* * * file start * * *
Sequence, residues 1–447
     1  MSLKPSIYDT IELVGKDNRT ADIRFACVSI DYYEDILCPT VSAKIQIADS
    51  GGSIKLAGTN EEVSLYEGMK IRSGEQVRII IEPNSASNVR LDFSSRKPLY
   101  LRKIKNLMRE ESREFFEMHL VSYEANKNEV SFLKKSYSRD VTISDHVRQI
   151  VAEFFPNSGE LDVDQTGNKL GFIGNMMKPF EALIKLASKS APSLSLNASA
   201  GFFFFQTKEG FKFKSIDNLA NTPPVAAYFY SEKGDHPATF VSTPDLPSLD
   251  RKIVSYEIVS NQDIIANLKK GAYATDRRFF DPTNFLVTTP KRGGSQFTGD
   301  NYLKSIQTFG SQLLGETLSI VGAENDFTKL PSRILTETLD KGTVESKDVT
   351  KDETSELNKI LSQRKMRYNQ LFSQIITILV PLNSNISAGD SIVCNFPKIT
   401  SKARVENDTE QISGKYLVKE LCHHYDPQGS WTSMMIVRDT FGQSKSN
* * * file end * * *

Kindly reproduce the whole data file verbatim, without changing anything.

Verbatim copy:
Sequence, residues 1–447
     1  MSLKPSIYDT IELVGKDNRT ADIRFACVSI DYYEDILCPT VSAKIQIADS
    51  GGSIKLAGTN EEVSLYEGMK IRSGEQVRII IEPNSASNVR LDFSSRKPLY
   101  LRKIKNLMRE ESREFFEMHL VSYEANKNEV SFLKKSYSRD VTISDHVRQI
   151  VAEFFPNSGE LDVDQTGNKL GFIGNMMKPF EALIKLASKS APSLSLNASA
   201  GFFFFQTKEG FKFKSIDNLA NTPPVAAYFY SEKGDHPATF VSTPDLPSLD
   251  RKIVSYEIVS NQDIIANLKK GAYATDRRFF DPTNFLVTTP KRGGSQFTGD
   301  NYLKSIQTFG SQLLGETLSI VGAENDFTKL PSRILTETLD KGTVESKDVT
   351  KDETSELNKI LSQRKMRYNQ LFSQIITILV PLNSNISAGD SIVCNFPKIT
   401  SKARVENDTE QISGKYLVKE LCHHYDPQGS WTSMMIVRDT FGQSKSN